Monday, March 19, 2012

ESC 2012 - Iceland: with "Never Forget" to Baku

You know I'm so tired of defending the icelandic version because nobody listens! Today they released the music video with the revamped version of "Mundu Eftir Mér" but with the new title "Never Forget". Yup, they're going for the english version in Baku! :( I watched the video, I listened to the english version. I love the video (again it doesn't matter if the video is good or not) but I can't say I like the english version more. I can't even say I like it as much as the icelandic! Wrong move Iceland. Wrong move Greta! I just wish you gave us the chance to vote between these two because if you "take a walk" in youtube you'll see that the majority wants the icelandic version! Even in the poll on this blog the icelandic version has more votes. And ok, I posted the poll before we heard the english version but still...

You should really follow the footsteps of Slovenia, Croatia and Serbia. They were ready to enter Eurovision with english versions of the songs but they won't! Because of the fans. 

All the arguments we posted all these weeks regarding the icelandic version were stronger than the ones posted about the english version. And I won't argue any more. Apparently you guys made up your minds a long time ago! It's a shame...

And here's a question from a friend on Why did you only revamp the english version? Why don't we have the icelandic version with the new arrangement? 

His guess (and I agree with him)? You wanted us to think "hey the english version sounds better!". Well it won't work on us at least.

And by the way, I've been waiting to see if the final version would be in icelandic or in english before I vote in the forum. I was going to give 12pts to the icelandic one but now you guys got a 7. I was also going to actually vote during the ESC but now I won't. And not as a punishment. I just don't feel like the english version deserves votes... That's all. Good luck Iceland!


mikamikaaaa said...

True, they should have just focused on the arrangement instead of wasting time translating or creating a new lyrics. Now that i know what the song is about, it isn't that "eerie" like the Icelandic version.

David said...

I read this comment and I think it really applies to this situation:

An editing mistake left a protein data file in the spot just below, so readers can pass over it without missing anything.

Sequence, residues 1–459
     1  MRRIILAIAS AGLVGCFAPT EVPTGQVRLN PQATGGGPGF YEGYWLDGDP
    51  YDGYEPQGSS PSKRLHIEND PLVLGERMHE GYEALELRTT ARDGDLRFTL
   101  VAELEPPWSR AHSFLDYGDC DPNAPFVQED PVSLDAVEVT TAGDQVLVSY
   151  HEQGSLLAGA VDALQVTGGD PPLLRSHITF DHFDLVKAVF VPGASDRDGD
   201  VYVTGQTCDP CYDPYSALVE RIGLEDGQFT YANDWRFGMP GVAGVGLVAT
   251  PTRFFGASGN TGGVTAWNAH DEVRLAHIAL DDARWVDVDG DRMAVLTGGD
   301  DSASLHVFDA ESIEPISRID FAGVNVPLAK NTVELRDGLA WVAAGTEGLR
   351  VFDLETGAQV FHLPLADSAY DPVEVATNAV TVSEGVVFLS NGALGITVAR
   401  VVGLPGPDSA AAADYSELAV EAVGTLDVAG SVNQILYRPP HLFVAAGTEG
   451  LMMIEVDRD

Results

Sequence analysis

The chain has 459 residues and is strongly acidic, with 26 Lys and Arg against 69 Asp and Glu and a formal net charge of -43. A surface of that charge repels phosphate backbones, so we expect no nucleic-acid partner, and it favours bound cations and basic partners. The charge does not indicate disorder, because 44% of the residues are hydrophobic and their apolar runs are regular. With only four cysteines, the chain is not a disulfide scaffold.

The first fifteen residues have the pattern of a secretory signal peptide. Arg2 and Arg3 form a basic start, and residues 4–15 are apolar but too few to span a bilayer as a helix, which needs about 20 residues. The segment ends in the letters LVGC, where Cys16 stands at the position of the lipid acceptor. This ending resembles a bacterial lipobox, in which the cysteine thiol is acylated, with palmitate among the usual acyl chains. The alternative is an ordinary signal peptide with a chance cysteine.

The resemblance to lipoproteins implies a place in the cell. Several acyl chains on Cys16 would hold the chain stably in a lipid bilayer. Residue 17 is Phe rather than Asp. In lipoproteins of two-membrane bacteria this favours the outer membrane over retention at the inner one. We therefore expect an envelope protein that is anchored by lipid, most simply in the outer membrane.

"I will never understand the drama about new versions. Viewers of the competition are going to view whatever version chosen for the first time at ESC, and will have nothing to compare it too. I can't see how people honestly believe - unless two songs really come across as completely different songs - that one version or another will really make that much version that if a country had entered one version, they would have finished in a position so different to another version. In both Italy and Iceland's case it essentially the same song, just basically different lyrics, I don't see how it's going to impact first time viewers in any way. If we use Italy as an example, the question is whether viewers will find the melody catchy - like lyrics EVER played a part in Eurovision anyway, or them being in comprehensible English - we had winners with horrible accents and bilingual winners and bilingual songs that ended up very very high - and will they like it visually (not going to change because of the language) and if they like the singer and the voice and the entire thing as a package. The language changes so little, unless the new lyrics are very obviously horrible - i.e if you take lyrics in a language no one understands and write the most stupid joke lyrics possible and turn the song into a joke song, that might make a difference, but otherwise? not really."

mikamikaaaa said...

Summarizing that point: it's all abt 1st impression. Agree, not going to argue.

But it's a shame that they aren't confident to use their mother tongue to reach wider audience or get more votes. If that's the case (which is alr is)why use Icelandic version in the first place anyway? Look at Randajad. They didn't even alter a single thing - not even the performance or styling. They didn't win, but they finished in a respectable position. Molitva, need i say more? Oh well, we'll just wait for the final. I'm tired of arguing abt this alr. Maybe by that time we'd get over it and actually love it.

Ifi said...

David we're not talking about the lyrics here. Understanding the lyrics doesn't matter. Especially today when we all have access to google translator for example. And another proof that lyrics don't matter is Sweden 2011.

We're talking about the language. Yes those who are not eurofans, therefore they hear the songs for the first time in the semis, won't know about the other version. But the thing is that when you translate a song, it loses it's magic. I'd be fine if Mundu Eftir Mér was a pop song (it worked in 2008 for Euroband) but it's not! It's an ethnic song. It's an ICELANDIC song! Icelandic made the song sound different and original! It's the whole mystic atmosphere Greta and Jónsi created on stage and that's why they won.

And don't forget that Eurovision is all about sharing a country's culture, music and language! That's why it was created in first place, no? Playing it safe by sending the song in english is a wrong move. You said it yourself and I agree, people don't pay attention to the lyrics so why send it in english?

Please take a moment and read also this one:

Mika about using icelandic in their national final... Well it's RUV's rule. All songs entering Söngvakeppni Sjónvarpsins must be performed in icelandic.

Thank you guys both for your comments. :)

Post a Comment